Moger: Seems there’s confusion around nutrition

Everyone, including seniors, can get confused about nutrition when mixed messages are coming at us from every angle.

“Tell me what you eat, and I will tell you what you are.”—G. K. Chesterton

 

The new President’s Choice grocery store commercial nailed it in illustrating the fact that “nutrition has never been so confusing.” with a group of individuals in varied scenarios making conflicting statements about nutrition that we hear every day.

Why is there so much confusion surrounding good food choices these days?

For starters there’s way too many choices, diets and information out there with conflicting messages about what a healthy diet should look like.

We have Atkins, paleo, The Hollywood diet high carb, low carb, and no carb. High protein, low protein, no protein, high-fat low-fat, Slim Fast, Weight Watchers, the cabbage diet, the juice diet, the zone, Jenny Craig—and these are just a few.

Overall, the healthy eating and lifestyle message is still the same.

Below are just a few common sense reminders on the most important items to keep in mind when it comes to making better nutritional choices.

Balance is key

Avoid any diet that recommends eliminating carbs or protein. Our bodies require carbohydrates, fat and protein for optimal health and bodily function. Follow a varied diet to meet all your nutritional needs.

Eat less sugar

Researchers say it is as addictive as heroin and current studies indicate it is more addictive than cocaine. When you eat sugar, your blood glucose levels rise and then high levels of insulin are released to bring glucose levels down. Glucose levels then come crashing down and then cravings for more sugar develop. The food industry has made it into a diet staple because they know when they do you buy more.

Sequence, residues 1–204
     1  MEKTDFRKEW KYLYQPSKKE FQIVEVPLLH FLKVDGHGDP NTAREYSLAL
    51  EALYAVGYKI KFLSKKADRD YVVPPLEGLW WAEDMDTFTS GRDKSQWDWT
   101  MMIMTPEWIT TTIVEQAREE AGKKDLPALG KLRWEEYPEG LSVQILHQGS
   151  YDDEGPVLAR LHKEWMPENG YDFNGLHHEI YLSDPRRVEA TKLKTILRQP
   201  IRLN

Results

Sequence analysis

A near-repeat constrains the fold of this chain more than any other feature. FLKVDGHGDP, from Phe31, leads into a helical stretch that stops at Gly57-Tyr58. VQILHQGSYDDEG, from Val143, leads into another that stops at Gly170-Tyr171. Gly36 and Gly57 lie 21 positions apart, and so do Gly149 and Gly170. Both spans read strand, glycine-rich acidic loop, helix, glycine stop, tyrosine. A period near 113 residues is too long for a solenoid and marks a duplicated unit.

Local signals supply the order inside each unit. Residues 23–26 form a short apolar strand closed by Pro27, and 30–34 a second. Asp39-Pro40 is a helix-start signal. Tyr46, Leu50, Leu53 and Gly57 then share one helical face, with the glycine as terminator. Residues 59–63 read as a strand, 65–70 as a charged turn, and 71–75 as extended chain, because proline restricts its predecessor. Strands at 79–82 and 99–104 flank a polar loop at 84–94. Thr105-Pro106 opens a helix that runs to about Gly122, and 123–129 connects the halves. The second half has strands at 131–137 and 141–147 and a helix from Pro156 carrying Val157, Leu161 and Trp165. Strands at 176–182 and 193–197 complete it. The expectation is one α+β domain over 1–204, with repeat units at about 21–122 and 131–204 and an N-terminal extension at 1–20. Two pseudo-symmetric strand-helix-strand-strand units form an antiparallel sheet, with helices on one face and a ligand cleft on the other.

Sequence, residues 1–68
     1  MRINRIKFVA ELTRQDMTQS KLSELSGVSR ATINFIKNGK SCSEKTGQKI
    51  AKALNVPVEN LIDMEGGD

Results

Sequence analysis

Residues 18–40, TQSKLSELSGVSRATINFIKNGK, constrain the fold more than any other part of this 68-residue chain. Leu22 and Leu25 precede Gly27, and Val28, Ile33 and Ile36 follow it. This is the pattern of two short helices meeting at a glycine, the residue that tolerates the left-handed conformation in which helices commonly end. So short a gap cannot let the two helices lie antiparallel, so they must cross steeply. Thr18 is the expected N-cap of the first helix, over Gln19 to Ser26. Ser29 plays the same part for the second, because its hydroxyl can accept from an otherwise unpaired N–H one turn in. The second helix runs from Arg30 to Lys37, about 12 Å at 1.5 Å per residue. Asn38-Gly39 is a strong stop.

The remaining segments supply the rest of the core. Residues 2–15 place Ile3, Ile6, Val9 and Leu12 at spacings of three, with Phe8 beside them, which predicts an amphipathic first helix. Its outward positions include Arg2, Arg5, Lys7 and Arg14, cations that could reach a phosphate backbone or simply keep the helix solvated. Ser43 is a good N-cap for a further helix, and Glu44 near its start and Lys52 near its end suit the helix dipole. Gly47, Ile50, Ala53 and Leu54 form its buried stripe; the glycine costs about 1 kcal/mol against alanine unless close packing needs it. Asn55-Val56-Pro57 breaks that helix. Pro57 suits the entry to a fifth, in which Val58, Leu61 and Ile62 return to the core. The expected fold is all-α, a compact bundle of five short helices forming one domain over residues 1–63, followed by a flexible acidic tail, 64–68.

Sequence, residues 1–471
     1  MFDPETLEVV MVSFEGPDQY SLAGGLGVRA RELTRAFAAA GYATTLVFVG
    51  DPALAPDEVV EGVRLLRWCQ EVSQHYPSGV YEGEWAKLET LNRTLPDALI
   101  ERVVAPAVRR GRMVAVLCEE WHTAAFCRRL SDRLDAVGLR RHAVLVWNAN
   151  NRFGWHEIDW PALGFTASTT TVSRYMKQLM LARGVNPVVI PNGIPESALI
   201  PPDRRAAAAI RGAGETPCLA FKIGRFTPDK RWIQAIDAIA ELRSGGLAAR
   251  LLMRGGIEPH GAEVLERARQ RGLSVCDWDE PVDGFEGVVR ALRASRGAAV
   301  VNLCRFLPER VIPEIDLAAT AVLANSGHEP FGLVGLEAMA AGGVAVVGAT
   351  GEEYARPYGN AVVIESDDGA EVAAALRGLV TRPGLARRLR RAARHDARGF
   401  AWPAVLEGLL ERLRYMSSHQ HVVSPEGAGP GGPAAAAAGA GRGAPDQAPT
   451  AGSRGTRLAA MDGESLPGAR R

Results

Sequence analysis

The consumption of sugar is considered to be one of the three major causes of degenerative isease in Canada including obesity and type 2 diabetes.

Eat less processed and packaged food

We are all so busy, we tend to pick foods based on convenience and we’re more likely to choose foods that we can pop into the microwave and eat in five minutes rather than take the time to prepare. However, it is not real food and will not nourish you.

Eat less salt

Because we know it contributes to high blood pressure.

Eat less fast food

We absolutely know that fast food is highly addictive, high in artery clogging fat, sugar and other garbage.

Eat more whole foods, fruits and vegetables

They will give you energy, nourish your body, make you feel good and have been linked to decreasing risk of cancer and other diseases.

Choose good fats

Monounsaturated fats and polyunsaturated fats are known as the “good fats” because they are good for your heart, your cholesterol and your overall health.

However, too much fat or a high-fat diet is associated with obesity, cardiovascular disease, diabetes and some types of cancer.

Enjoy your treat foods, but only occasionally and inappropriate modest portions.

For those in need of a specialized diet due to health conditions or for more information contact the dieticians of Canada at dieticians.ca.

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